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Ben Cronin | Stadium variables complicate safe spectator return

When Liverpool recently ended their long quest to win the Premier League title, the closed-door trophy celebrations were not the way players or fans would ever have pictured them. The club did its best to disguise the absence of 54,000 ardent supporters, but no amount of music, fireworks or confetti could compensate for the shared experience of ending thirty years of hurt and collective longing at a full-capacity Anfield stadium.

Manager Jürgen Klopp and his players have had the good sense not to gripe in the context of a global pandemic. But privately they will have once again acknowledged what has been plain to see during Project Restart: sport as a product is significantly diminished when it is stripped of its fans.

The club, and teams from further down the football pyramid that depend even more heavily on matchday income, will therefore be heartened by the UK government’s tentative plans to let spectators back into sports venues in England by October 1. Authorities have indicated limited numbers of fans could be allowed to watch games, provided a selection of pilot matches pass by without any hitch.

The test events include the include the indoor World Snooker Championships at the Crucible Theatre in Sheffield from July 31 to August 16, the Glorious Goodwood racing festival from July 28 to August 1, and two county cricket friendlies between Warwickshire and Worcestershire, and Surrey and Middlesex.

Reports that more than 10,000 fans applied in an hour for the 1,000 available tickets for the first of the events, the match between Surrey and Middlesex at the Oval cricket ground in London on July 26-27, have already assuaged some concerns that spectators might stay away for fear of contracting Covid-19. This seemed like a genuine threat when a Reuters/Ipsos opinion poll in April found 39 per cent of adults surveyed in the US who had attended a sporting event in the preceding year would rather wait until a vaccine is found before returning to stadiums.

Those familiar with the meagre attendances in English County Cricket will know that a friendly match would do well to attract 1,000 fans, even outside of a global pandemic. Although an admittedly small sample under highly unusual conditions, the numbers provide evidence that there is a pent-up demand and an appetite among UK sports fans for things to return to normal.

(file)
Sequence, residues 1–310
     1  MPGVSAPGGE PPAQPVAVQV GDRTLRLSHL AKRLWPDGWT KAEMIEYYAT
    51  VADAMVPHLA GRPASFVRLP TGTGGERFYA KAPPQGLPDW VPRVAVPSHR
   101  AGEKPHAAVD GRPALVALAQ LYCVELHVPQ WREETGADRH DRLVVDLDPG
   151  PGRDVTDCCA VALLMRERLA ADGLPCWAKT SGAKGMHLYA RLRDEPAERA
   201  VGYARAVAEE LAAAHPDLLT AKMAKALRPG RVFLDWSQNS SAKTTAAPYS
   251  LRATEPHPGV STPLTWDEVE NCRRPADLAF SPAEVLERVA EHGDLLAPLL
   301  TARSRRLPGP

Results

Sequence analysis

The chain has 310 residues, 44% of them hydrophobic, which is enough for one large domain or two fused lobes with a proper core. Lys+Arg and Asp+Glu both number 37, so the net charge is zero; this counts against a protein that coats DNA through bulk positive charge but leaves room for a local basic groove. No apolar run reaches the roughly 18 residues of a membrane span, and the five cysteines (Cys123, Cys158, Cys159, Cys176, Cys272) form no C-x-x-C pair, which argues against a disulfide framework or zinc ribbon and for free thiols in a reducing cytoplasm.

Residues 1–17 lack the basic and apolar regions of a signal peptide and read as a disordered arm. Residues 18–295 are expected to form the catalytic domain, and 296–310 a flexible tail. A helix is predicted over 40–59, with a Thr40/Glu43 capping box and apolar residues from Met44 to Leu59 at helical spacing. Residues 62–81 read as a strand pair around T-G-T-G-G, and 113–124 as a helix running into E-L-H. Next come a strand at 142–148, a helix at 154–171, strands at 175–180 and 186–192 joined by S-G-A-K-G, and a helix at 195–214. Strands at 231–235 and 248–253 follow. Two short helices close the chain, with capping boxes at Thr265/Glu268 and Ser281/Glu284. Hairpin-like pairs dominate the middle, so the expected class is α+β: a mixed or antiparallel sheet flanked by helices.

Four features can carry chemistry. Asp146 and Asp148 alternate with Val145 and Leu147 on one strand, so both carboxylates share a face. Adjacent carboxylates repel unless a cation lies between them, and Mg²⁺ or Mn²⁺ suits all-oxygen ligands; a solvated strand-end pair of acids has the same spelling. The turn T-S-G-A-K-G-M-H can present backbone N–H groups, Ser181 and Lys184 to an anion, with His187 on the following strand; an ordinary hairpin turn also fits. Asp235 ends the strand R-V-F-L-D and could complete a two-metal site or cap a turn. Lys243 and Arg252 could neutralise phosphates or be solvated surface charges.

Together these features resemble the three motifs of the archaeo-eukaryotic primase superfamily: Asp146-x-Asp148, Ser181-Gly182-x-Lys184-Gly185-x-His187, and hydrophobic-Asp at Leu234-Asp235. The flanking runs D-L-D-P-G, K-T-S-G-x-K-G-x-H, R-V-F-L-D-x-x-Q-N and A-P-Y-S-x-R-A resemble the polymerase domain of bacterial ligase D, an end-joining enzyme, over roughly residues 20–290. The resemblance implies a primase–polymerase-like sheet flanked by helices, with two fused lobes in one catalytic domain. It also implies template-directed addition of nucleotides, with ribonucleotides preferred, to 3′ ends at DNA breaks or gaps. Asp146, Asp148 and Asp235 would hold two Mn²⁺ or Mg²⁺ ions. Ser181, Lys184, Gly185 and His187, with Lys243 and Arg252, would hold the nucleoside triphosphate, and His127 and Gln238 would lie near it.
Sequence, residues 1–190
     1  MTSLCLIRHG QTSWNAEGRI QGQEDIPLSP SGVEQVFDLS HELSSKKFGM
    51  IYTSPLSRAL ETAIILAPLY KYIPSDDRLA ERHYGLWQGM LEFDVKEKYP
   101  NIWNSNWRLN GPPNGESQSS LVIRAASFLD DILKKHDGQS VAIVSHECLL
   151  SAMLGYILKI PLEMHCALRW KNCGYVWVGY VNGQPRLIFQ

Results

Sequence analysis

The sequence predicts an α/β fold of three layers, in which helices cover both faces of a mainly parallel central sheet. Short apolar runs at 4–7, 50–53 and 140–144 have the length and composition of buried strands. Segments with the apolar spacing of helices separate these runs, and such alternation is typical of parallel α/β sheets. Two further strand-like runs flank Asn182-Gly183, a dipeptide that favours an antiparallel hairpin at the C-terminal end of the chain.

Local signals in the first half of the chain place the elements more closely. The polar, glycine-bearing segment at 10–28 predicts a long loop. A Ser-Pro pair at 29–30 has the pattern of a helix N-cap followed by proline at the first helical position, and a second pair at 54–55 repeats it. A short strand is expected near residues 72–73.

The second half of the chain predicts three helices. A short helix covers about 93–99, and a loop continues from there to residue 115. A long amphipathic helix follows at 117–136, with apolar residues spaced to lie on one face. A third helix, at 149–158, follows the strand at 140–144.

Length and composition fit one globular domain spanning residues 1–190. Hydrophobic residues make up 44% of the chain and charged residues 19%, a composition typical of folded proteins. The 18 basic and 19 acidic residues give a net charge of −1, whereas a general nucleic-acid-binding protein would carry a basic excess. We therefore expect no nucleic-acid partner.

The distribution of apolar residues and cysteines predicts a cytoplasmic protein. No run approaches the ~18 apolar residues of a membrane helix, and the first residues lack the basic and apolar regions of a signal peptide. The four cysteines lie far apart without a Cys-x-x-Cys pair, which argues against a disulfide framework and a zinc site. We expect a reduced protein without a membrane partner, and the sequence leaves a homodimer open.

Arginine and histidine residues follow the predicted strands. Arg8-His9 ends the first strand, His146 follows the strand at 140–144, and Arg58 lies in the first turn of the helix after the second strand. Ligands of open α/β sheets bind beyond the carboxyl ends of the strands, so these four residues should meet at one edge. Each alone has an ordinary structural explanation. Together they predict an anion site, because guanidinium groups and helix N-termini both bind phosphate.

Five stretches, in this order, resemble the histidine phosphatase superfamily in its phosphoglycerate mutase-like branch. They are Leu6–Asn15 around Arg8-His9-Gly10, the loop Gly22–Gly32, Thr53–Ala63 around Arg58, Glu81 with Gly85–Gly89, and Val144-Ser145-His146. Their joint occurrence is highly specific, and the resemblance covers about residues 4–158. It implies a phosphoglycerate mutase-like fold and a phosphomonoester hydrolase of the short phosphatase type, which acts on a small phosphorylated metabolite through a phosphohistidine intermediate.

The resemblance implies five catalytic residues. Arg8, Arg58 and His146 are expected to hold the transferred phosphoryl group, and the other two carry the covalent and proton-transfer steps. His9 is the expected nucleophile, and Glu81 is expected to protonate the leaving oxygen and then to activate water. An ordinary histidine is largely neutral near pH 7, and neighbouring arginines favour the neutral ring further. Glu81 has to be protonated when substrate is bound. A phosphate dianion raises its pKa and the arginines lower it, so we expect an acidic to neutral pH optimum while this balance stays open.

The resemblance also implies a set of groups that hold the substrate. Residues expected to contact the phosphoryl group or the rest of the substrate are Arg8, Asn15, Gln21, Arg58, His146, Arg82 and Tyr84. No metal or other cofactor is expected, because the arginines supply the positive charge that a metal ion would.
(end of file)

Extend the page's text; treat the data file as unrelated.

For the matches to be the precursor for something more widespread, the authorities will need to be reassured that measures implemented to safeguard spectators were successful. Monitors attended the match at the Oval to ensure stadium operators managed fans in a sensible and socially-distanced way and that they were capturing the data that would allow any outbreak of the virus to be traced.

Even if regulators are satisfied, there still needs to be a substantial leap for live events to return to anything resembling normality. Surrey chief executive Richard Gould has said the economics of employing 100 staff to manage 1,000 spectators are not viable in the long-term, and even 30 per-cent stadium capacity would be financially unsustainable.

Unfortunately, the complexities in maintaining the prevailing social distancing requirements rise exponentially the larger the number of fans that are allowed into a venue. A draft document produced by the Sports Grounds and Safety Authority, for instance, provides illustrations of the impact either a 1-metre or 2-metre social distancing regulation has on occupancy of a typical stadium block of 224 seats. Drawing an imaginary bubble around spectators, the guide manages to achieve a maximum of just 33 per-cent occupancy with a 1-metre distance between fans and an even more meagre 22 per cent with 2 metres between fans.

An additional wrinkle comes from the divergence in the design of sports grounds, which will make it hard to develop a simple template for other stadium operators. Experts say capacity requirements could vary in other grounds depending on factors such as the size of concourses, density of seating, width of gangways and even size of seats.

Those involved in staging the cricket test event describe how 1,000 spectators was a relatively easy target given the large open spaces in the 25,500-capacity venue. Other stadiums that can claim similar design advantages will be better placed to limit the damage from the current 1-metre requirement.

An infinitely preferable outcome for everyone is that the virus is brought sufficiently under control for the UK government to deliver on a suggestion that it could remove the social distancing requirement altogether come November.

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